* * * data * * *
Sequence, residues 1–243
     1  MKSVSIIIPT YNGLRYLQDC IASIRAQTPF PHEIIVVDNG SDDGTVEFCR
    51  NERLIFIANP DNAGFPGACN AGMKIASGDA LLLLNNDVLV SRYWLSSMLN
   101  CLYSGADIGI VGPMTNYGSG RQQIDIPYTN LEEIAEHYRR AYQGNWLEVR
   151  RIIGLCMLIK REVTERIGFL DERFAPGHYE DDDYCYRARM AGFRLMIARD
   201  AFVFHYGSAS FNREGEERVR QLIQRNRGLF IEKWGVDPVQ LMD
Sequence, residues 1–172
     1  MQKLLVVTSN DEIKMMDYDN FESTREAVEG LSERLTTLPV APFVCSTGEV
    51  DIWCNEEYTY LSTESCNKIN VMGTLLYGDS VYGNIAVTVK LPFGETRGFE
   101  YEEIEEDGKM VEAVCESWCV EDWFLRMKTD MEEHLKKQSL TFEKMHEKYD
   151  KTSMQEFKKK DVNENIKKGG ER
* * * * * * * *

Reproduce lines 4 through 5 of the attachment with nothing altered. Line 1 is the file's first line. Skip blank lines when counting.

   101  CLYSGADIGI VGPMTNYGSG RQQIDIPYTN LEEIAEHYRR AYQGNWLEVR
   151  RIIGLCMLIK REVTERIGFL DERFAPGHYE DDDYCYRARM AGFRLMIARD